A dollar aid or dampener for Myer's sparks?

Myer has lost its first-half momentum, and as low rates fail to boost consumer confidence and the dollar falls, the retail revival could be stunted before it's fully begun.

The green shoots of a retail renaissance evident in Myer’s first-half sales performance have withered a little in the third quarter.

While Myer did post positive sales growth for the fourth consecutive quarter – which chief executive Bernie Brookes believes is probably the first time the department store group has done so since 2006 – the momentum of the first half has faded.

Third-quarter sales growth of 0.5 per cent (0.4 per cent on a comparable stores basis) fell back from the 2.1 per cent growth (1.7 per cent on a comparable stores basis) of the second quarter and the one per cent growth (0.8 per cent) of the first three months of the financial year.

The Myer disclosure coincided with the release of the Westpac and Melbourne Institute index of consumer sentiment for May, which showed a significant fall in the index and a balance of pessimism that Westpac’s chief economist Bill Evans attributed to a "sharply negative" response to the federal budget.

Retailers historically have blamed federal elections for weaker sales and while the formal campaign period has yet to start, the seemingly endless informal campaign that started when Julia Gillard announced the election date in January may also have had a dampening effect on confidence and spending.

Myer’s total sales were also impacted by the refurbishment of three of its larger stores in New South Wales, Queensland and South Australia and, while Brookes dismissed its influence, by the recently revealed inventory issues that led to last week’s downgrading of Target’s earnings for this year.

Brookes, while saying that Myer itself had a very clean inventory position, did refer to the excess inventory held by its suppliers and competitors and said he was stocking up for a massive sale to both take advantage of the supplier positions and counter the threat posed by a lot of excess stock overhanging the market.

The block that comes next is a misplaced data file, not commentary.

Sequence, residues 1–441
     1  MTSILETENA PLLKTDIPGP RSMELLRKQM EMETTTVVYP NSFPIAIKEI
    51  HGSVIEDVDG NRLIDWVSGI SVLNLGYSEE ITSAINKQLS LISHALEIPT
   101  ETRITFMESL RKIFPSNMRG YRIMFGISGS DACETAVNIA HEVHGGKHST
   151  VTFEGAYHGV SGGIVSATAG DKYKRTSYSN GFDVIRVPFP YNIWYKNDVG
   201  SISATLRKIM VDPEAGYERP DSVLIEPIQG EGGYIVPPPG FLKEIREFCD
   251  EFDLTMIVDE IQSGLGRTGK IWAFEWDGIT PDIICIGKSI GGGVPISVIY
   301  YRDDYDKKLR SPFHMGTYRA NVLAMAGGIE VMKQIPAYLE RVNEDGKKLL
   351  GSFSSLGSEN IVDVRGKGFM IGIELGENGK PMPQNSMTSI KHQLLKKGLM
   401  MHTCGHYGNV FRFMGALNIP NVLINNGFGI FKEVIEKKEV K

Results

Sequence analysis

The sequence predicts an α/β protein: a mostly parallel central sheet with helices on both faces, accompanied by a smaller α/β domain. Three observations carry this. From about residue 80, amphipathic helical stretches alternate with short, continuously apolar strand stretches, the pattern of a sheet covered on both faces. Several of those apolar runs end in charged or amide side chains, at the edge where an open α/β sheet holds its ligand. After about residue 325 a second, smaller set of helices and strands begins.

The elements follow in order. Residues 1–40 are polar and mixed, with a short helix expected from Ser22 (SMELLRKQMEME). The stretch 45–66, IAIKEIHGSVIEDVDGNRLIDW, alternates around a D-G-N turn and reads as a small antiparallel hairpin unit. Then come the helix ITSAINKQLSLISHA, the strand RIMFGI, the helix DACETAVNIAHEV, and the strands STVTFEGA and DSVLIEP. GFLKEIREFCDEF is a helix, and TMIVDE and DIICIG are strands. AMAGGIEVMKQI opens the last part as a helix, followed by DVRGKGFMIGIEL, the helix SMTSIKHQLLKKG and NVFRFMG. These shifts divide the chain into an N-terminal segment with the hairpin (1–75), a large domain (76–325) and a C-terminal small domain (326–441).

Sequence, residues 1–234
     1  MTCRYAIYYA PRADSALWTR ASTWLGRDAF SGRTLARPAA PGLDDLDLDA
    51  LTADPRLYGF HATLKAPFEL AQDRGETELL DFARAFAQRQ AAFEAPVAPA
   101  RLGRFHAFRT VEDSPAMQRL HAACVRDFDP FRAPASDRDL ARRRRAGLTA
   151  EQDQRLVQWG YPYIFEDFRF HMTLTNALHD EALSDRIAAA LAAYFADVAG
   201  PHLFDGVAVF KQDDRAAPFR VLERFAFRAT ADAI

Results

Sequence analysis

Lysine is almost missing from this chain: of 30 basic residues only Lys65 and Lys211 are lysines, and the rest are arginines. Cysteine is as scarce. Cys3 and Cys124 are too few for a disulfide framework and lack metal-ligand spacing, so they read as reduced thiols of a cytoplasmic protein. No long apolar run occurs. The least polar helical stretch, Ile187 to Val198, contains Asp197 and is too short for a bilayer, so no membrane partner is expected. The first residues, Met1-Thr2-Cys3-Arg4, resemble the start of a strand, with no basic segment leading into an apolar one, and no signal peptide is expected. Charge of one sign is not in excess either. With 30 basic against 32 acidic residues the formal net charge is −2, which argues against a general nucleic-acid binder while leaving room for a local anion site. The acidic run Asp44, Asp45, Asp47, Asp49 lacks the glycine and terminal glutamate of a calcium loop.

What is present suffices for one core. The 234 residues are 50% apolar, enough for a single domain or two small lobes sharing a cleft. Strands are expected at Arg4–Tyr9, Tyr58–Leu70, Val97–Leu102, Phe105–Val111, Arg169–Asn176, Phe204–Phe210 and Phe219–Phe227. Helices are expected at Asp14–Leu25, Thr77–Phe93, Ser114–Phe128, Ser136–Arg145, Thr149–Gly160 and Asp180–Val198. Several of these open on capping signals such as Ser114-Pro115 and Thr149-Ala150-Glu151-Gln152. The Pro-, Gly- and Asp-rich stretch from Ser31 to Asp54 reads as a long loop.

Until the group’s rivals report, it won’t be clear whether the waning of Myer’s momentum is something unique to it or to department stores or part of a broader slowdown, again, at the big end of retailing.

Given that the downturn in consumer confidence coincided with the Reserve Bank’s latest rate cut – a cut immediately passed through to mortgage rates by the banks and one which took official rates to record low levels – the Myer numbers in the lead-up to that rate cut are slightly disconcerting. It, and the rate cuts that preceded it, may not be generating the activity the Reserve Bank has been anticipating.

The sector will also have to absorb the impacts of the sharp drop in the value of the Australian dollar in recent weeks, although Brookes said that Myer, which sources about 20 per cent of its product directly offshore, was hedged at levels above parity for the next 12 months.

He also pointed out that all retailers would be affected if the dollar were to fall further and remain lower, and that there might well be net gains to be had if Australian consumers faced higher costs to shop and travel offshore.

Not surprisingly, Brookes remains cautious about the outlook for retail trading, which he described as "patchy and inconsistent", yet positive about the underlying improvement in Myer’s customer service, its overall merchandise offer, its loyalty program and the development of its omni-channel strategy.